WS helps Dunkin' Donuts find way to engage the public

Since 1998, Dunkin' Donuts has worked with Weber Shandwick to promote its outlets in the New York and Philadelphia markets.

Since 1998, Dunkin' Donuts has worked with Weber Shandwick to promote its outlets in the New York and Philadelphia markets.

The company has been working to maintain its success in the doughnut world against competitors like Krispy Kreme, as well as to position itself as a viable competitor to more upscale coffee shops like Starbucks. That duality of purpose prompted WS to build on the "perfect pair" idea. Coffee and a doughnut, for sure, but also ... love? When that light bulb went off, the agency decided to unveil a campaign that would give engaged couples the chance to live out a dream that many have contemplated in wishful moments, but few have ever had the temerity to actually pursue: a wedding at Dunkin' Donuts.

Strategy Such a fantastic opportunity could not be offered without consumer research to verify the demand. A survey of 1,500 people revealed that a scant 32% felt that most of the weddings they had been to were fun, and 73% would, as a release put it, "say 'I do' to doing something a little bit over-the-top if they were the ones getting married." The firm decided to make consumers put their money where their doughnut-holes are, so to speak, by using free media as the primary promoter of the campaign (what reporter could turn down an angle like that?) to spread the word to the public.

Tactics WS put together radio promotions in Philadelphia and New York to drum up participants and voters and drive them to the campaign's website, iwantmyweddingatdunkindonuts.com. They held a kickoff launch in November, with media drops at radio and TV stations all over the target markets and a special incentive for coverage. "We came up with the creative idea of making doughnut wedding cakes to deliver to media," says Antonio Rivera, SAE at WS, "just to get the ball rolling on the whole program and get them interested."

Results The campaign generated hundreds of entries of engaged couples anxious to exchange vows while surrounded by deep fryers and coffee machines. They were narrowed down to six finalists, whose pictures and "outrageous (but true) proposal stories" were posted online. The public was allowed to vote for the first two weeks of January, and 25,000 people took the time. New York and Philadelphia papers and broadcast outlets covered the ongoing story. One couple was selected in each market for the weddings, which were held early this month at Dunkin' Donuts locations in each city. "[We pitched] to have cameras, papers, and editors attend the actual wedding," Rivera says. The lucky couples each got a wedding package valued at more than $20,000, including a honeymoon trip to the Bahamas. Celebrity wedding planner David Beahm served as a "consultant," but much of the wedding planning was done by the PR team. Louise McCulloch, manager of global communications for Dunkin' Donuts, says that she had to consider factors like location and the parking-lot size of various outlets to accommodate the event, but that all of the work was well worth it. "That just tells you what a fun brand it is that people would say, 'Yes, I want to do my wedding there,'" she says.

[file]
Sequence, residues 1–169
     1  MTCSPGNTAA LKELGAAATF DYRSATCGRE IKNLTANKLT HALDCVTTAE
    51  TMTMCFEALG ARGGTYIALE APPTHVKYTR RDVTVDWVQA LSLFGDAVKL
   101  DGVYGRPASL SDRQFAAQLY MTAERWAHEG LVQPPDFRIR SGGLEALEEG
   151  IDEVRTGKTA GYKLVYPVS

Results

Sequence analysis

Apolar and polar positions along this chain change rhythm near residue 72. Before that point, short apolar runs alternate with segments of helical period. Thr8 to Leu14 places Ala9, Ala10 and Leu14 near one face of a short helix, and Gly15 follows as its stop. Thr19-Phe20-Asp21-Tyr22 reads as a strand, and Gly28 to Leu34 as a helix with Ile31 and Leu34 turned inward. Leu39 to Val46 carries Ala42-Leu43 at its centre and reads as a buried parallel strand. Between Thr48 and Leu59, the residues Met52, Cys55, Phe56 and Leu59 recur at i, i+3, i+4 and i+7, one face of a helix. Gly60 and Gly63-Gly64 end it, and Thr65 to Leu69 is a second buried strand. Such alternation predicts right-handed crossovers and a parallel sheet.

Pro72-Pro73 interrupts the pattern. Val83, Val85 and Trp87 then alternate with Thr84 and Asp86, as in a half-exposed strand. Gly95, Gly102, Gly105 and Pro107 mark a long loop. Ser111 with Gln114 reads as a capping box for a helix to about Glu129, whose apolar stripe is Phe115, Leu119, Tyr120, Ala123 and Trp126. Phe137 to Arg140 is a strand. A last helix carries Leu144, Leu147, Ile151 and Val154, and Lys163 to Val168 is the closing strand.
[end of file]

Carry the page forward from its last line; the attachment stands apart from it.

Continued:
Future While there are no plans for another wedding-related stunt, WS' New York office will continue to handle Dunkin Donuts' PR needs in the mid-Atlantic region. "We have ongoing media outreach, educational programs, community-based programs, everything," says McCulloch. "It runs the whole gamut." But as artificial story angles go, the wedding idea is hard to beat. "It's pretty wacky," says River. Watch for frosted, jelly-filled wedding rings coming soon to a store near you.

PR team: Dunkin' Donuts (Canton, MA) and Weber Shandwick (New York) Campaign: I Want My Wedding at Dunkin' Donuts Time frame: August 2004 to February 2005 Budget: About $50,000

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